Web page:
Metabolon Partnership with University of Maryland School of Medicine Amish Research Program Leverages Metabolomics to Identify Novel Biomarkers
MORRISVILLE, N.C. – June 21, 2022 – Metabolon, Inc., the global leader in metabolomics solutions advancing drug development and precision medicine, is partnering with the University of Maryland School of Medicine (UMSOM) to bring the latest technological advances to the School’s Amish Research Program. Metabolon’s researchers will leverage metabolomics information to explore the intersection of genes and environment to understand human health and disease through this data-sharing initiative. Creating biochemical profiles of this genetically unique population will help physician-scientists more deeply understand the basics of incidental disease.
Population health researchers are increasingly turning to multi-omics to inform on the state of health and disease progression among populations. The Amish community is ideal for study due to its common lineage and homogeneous lifestyle.
Pharmaceutical researchers have been involved with the UMSOM Amish cohort since 2015, performing whole-exome sequencing (WES) on samples. The work has led to understanding various diseases and conditions, including the genetics of metabolic and cardiovascular health.
“This partnership is part of our effort to expand our disease coverage strategy by engaging in deliberate collaborations to explore clinically-relevant samples,” said Rohan Hastie, Ph.D., President and CEO of Metabolon. “We regularly do this for our clients, and now we are utilizing our deep metabolomics expertise to reveal new relevant disease biomarkers and ultimately improve patient outcomes.”
“UMSOM has worked with the Amish community since 1995. Through this partnership, UMSOM investigators have collected blood and tissue samples that have provided powerful insights into health and disease, including how this group responds to an array of cardiovascular treatments,” said Braxton D. Mitchell, Ph.D., Professor of Medicine at UMSOM. “Our partnership with Metabolon offers a rare opportunity to leverage metabolomics to biochemically profile a genetically unique population and more deeply understand the basics of incidental disease.”
“While genes typically deliver insights on the predisposition to disease, metabolomics as an endpoint can lead to the identification of specific biochemical pathways that are activated or deactivated in patients, providing actionable solutions,” commented Rangaprasad (Ranga) Sarangarajan, Ph.D., Chief Scientific Officer (CSO), Metabolon. “Metabolomics is a key tool for understanding an individual’s current state of health compared to other ‘omics. Furthermore, Metabolomics’ unique scope and utility enable clinical decision-making.”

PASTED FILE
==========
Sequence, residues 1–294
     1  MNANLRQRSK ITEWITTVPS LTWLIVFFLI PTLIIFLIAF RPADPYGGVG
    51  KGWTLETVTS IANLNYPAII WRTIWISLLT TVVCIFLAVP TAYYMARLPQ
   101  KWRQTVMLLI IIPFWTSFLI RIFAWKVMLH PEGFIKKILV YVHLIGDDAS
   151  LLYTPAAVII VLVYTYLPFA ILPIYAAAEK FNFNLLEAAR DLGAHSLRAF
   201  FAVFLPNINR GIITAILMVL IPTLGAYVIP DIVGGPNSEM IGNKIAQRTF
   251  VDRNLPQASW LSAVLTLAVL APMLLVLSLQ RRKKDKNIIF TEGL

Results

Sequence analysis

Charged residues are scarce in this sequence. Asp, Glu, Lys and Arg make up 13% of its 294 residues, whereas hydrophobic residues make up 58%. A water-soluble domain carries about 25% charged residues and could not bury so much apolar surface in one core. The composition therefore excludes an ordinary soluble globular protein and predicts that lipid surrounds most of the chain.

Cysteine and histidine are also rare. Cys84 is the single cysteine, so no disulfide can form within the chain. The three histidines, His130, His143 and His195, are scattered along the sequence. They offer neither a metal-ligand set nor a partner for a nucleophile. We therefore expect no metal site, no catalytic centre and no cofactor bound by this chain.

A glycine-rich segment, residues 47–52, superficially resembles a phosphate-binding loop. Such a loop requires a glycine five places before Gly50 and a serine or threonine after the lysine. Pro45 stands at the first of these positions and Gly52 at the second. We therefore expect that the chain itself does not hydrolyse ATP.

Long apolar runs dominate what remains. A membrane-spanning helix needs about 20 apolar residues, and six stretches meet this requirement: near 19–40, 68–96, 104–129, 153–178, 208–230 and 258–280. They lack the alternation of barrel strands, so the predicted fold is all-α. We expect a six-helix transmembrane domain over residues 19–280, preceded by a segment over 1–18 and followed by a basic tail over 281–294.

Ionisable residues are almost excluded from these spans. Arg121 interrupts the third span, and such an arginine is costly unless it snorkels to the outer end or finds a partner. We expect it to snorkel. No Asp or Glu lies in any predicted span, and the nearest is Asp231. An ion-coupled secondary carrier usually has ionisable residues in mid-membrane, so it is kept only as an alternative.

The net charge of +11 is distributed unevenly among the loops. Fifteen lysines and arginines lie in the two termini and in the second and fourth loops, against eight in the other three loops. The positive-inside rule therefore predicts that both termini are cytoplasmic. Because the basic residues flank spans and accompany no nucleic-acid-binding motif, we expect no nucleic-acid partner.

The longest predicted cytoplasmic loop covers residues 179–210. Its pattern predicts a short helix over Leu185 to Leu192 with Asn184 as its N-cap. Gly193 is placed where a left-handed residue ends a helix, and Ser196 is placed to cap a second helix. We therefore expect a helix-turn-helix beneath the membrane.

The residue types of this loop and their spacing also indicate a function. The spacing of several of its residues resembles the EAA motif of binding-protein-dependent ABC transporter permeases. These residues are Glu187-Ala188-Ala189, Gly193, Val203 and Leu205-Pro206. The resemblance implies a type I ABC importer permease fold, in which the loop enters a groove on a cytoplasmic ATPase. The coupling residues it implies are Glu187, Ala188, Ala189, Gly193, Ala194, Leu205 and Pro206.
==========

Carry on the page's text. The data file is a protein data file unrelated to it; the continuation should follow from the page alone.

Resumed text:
Many researchers and biopharma companies are integrating metabolomics with genomic and clinical datasets to link variants with metabolic pathways, providing greater biological understanding. This multi-omics approach to drug therapies helps inform decisions, supports biomarker discovery, aids in patient stratification, informs safety and efficacy, and supports post-market surveillance to improve insights into human health to ultimately improve patient outcomes.
About the Amish Research Program
The Division of Endocrinology, Diabetes and Nutrition and the University of Maryland School of Medicine has been studying the genetics of metabolic and cardiovascular health in the Old Order Amish (OOA) population of Lancaster County, PA, since 1995. During this time, the Amish studies have been supported by numerous research grants, and results from these studies have been described in many scientific publications.
Metabolomics, the large-scale study of all small molecules in a biological system, is the only ‘omics technology that provides a complete current-state functional readout of a biological system. Metabolomics helps researchers see beyond the genetic variation of individuals, capturing the combined impact of genetic as well as external factors such as the effect of drugs, diet, lifestyle, and the microbiome on human health. By measuring thousands of discrete chemical signals that form biological pathways in the body, metabolomics can reveal important biomarkers enabling a better understanding of a drug’s mechanism of action, pharmacodynamics, and safety profile, as well as individual responses to therapy.